The above guidance documents are a follow up to an earlier study: Background Study towards biodiversity proofing of the EU budget.
The funding instruments of the 2021-2027 Multiannual Financial Framework and Next Generation EU - mainly the Recovery and Resilience Facility - include specific requirements aiming to ensure that EU co-financing takes into account biodiversity considerations, such as the obligation to comply with EU environmental legislation, the compliance with the ‘do no significant harm’ principle, as well as the application of sustainability proofing.
Halting the loss of biodiversity and adapting to climate change requires increasing investment in natural capital to complement the more traditional grant-based funding. The NCFF financial instrument developed by the LIFE programme aims to support natural capital projects that can generate revenues or save costs, whilst delivering on biodiversity and climate adaptation objectives.
The NCFF has developed a pipeline of replicable, bankable operations serving as a "proof of concept" and demonstrating to investors the attractiveness of such operations. The available funding under the NCFF should support putting biodiversity on a path to recovery by 2030 and while proofing the concept of revenue generating bankable natural capital investments finance some 9-12 projects over the period to 2021.
Find out more about the LIFE Natural Capital Financing Facility implemented by the European Investment Bank.
Under the Invest EU programme, a dedicated natural-capital and circular-economy initiative will be established to mobilize at least €10 billion over the next 10 years, based on public/private blended finance.
The EU adopted a Taxonomy Regulation, which entered into force on 12 July 2020, and will help create the world's first-ever “green list” - a classification system for sustainable economic activities – that will create a common language that investors and businesses can use when investing in projects and economic activities that have a substantial positive impact on the climate and the environment.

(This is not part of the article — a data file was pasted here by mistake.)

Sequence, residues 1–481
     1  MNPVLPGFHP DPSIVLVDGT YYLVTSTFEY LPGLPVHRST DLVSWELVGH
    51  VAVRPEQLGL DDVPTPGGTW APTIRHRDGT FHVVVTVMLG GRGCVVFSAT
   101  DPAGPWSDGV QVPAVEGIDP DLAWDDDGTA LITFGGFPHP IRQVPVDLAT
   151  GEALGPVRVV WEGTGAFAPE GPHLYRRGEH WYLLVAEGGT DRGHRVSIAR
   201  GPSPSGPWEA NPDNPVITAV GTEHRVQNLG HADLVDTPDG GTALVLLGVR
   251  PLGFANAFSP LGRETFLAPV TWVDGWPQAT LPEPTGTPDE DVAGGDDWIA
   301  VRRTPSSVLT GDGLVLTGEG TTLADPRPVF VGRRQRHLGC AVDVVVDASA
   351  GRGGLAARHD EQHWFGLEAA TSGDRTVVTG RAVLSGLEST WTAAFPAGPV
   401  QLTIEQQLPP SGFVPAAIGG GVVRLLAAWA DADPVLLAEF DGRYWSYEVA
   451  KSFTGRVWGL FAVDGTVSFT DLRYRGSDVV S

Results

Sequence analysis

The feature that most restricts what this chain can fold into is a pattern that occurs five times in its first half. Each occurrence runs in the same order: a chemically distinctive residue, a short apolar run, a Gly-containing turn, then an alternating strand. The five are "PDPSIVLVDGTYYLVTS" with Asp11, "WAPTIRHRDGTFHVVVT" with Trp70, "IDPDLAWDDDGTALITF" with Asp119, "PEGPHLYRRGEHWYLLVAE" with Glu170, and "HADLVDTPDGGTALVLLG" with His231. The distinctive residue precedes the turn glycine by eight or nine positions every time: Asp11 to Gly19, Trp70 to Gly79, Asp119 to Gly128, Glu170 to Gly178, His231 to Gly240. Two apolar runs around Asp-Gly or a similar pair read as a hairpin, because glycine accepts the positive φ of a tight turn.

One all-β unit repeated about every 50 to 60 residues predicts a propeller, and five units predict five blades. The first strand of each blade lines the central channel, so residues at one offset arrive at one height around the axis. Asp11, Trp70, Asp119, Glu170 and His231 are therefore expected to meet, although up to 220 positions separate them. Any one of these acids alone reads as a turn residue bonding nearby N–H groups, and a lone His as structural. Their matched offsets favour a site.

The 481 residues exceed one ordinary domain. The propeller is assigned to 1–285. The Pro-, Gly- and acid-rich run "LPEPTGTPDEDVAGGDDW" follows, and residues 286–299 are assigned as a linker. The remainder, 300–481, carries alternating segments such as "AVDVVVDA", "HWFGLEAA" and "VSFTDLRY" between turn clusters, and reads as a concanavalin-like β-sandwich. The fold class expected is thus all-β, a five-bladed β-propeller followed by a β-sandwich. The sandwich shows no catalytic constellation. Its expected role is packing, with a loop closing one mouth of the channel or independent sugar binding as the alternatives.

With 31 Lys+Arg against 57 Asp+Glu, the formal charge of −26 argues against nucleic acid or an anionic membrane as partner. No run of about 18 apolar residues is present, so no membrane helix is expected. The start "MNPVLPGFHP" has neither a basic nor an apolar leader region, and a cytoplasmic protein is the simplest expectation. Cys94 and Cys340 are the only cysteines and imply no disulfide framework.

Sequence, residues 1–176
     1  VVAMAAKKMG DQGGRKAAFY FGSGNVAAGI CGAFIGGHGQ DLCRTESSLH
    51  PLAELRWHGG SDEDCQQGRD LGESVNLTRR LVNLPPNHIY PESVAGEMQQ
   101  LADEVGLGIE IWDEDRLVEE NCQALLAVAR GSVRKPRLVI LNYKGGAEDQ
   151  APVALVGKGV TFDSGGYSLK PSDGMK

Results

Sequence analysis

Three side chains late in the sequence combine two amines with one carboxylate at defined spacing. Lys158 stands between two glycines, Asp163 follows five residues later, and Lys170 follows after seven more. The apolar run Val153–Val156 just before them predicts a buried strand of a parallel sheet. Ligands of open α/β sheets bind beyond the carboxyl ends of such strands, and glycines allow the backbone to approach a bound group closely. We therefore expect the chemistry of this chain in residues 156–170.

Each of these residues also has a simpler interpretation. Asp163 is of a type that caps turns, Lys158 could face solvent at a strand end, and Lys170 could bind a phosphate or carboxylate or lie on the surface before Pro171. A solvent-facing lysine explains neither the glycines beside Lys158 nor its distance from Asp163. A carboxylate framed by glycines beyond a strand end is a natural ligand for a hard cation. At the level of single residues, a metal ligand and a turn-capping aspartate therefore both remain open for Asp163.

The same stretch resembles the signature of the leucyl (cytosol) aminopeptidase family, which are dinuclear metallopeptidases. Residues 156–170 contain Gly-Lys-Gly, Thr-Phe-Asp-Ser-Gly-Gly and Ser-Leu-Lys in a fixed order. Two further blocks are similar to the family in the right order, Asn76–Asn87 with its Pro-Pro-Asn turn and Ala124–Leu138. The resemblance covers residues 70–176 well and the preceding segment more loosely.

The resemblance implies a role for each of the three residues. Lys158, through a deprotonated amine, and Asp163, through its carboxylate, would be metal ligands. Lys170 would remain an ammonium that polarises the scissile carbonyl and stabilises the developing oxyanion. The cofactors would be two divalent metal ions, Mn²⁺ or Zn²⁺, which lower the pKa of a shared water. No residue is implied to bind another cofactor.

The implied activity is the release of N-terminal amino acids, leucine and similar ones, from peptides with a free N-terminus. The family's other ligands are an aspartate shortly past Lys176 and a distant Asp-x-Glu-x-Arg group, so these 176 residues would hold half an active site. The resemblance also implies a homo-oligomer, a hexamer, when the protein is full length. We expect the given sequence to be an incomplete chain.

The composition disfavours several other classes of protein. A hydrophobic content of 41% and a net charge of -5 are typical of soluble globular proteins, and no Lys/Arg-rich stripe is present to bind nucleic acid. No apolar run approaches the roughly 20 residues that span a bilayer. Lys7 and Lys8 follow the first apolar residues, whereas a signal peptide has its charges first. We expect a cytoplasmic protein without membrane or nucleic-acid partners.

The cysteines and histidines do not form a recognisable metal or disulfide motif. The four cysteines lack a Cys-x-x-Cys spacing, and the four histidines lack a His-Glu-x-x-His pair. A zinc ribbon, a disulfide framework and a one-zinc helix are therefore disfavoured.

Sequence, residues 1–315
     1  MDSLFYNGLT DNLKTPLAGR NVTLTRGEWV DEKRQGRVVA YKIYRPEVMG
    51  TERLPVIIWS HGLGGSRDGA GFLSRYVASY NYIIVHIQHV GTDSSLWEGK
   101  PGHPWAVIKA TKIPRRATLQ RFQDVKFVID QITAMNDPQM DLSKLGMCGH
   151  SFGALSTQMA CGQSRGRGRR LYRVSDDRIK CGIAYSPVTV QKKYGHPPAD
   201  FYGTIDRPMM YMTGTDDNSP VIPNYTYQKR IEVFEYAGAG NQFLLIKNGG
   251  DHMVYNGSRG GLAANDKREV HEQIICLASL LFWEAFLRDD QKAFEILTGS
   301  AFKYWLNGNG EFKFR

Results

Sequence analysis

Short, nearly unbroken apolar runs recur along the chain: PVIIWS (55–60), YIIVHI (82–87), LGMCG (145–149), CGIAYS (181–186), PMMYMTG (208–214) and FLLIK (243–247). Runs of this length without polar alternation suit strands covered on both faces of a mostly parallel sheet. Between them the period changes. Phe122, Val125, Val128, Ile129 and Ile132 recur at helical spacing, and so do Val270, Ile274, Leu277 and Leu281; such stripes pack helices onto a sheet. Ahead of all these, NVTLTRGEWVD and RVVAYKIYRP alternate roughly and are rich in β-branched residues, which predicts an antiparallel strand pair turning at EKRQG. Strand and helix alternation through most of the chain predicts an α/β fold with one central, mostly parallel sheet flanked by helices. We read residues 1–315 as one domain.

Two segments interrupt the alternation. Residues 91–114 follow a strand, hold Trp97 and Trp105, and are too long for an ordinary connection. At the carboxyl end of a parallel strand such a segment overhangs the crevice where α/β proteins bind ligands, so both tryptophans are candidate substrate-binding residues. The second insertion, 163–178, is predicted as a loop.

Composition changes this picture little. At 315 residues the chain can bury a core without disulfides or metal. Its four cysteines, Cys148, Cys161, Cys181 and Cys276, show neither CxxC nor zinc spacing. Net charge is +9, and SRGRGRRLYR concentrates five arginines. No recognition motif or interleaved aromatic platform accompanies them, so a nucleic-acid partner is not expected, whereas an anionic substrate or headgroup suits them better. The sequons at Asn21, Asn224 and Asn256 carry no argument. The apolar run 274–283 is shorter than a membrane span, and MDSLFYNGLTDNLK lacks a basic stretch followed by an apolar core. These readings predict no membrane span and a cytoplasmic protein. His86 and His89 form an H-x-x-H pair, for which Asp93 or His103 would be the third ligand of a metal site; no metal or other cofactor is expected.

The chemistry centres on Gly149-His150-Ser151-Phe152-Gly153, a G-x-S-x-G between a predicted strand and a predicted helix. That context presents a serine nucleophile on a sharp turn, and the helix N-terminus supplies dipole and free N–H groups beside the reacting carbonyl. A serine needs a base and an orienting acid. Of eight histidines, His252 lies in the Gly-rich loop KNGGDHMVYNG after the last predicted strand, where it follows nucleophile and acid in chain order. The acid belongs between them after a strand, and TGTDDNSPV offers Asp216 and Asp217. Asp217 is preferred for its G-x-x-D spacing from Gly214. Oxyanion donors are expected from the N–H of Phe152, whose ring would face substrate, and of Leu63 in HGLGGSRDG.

As part of the Taxonomy Regulation, the Commission is tasked with coming forward with technical screening criteria (through ‘delegated acts') to develop the taxonomy further. The activities and criteria to be adopted in a first delegated act are based on the recommendations of the Technical Expert Group on Sustainable Finance (TEG) published in March 2020. Since October 2020, the Platform on Sustainable Finance has taken over the role of advising the Commission on the technical screening criteria for the EU taxonomy, to be adopted in subsequent delegated acts.
Recovery and Resilience Facility: Commission adopts ‘do no significant harm' technical guidance to protect the environment
On Friday 12 February 2021 the European Commission presented its guidance on the implementation of ‘do no significant harm' in the context of the Recovery and Resilience Facility (RRF). The RRF, the key instrument at the heart of NextGenerationEU, will make € 672.5 billion in loans and grants available to support reforms and investments in Member States. This guidance aims to support Member States in ensuring that all investments and reforms they propose for financing under the RRF do no significant harm to the EU's environmental objectives, within the meaning set out in the Taxonomy Regulation. The presentation of this guidance follows the European Parliament's approval of Recovery and Resilience Facility.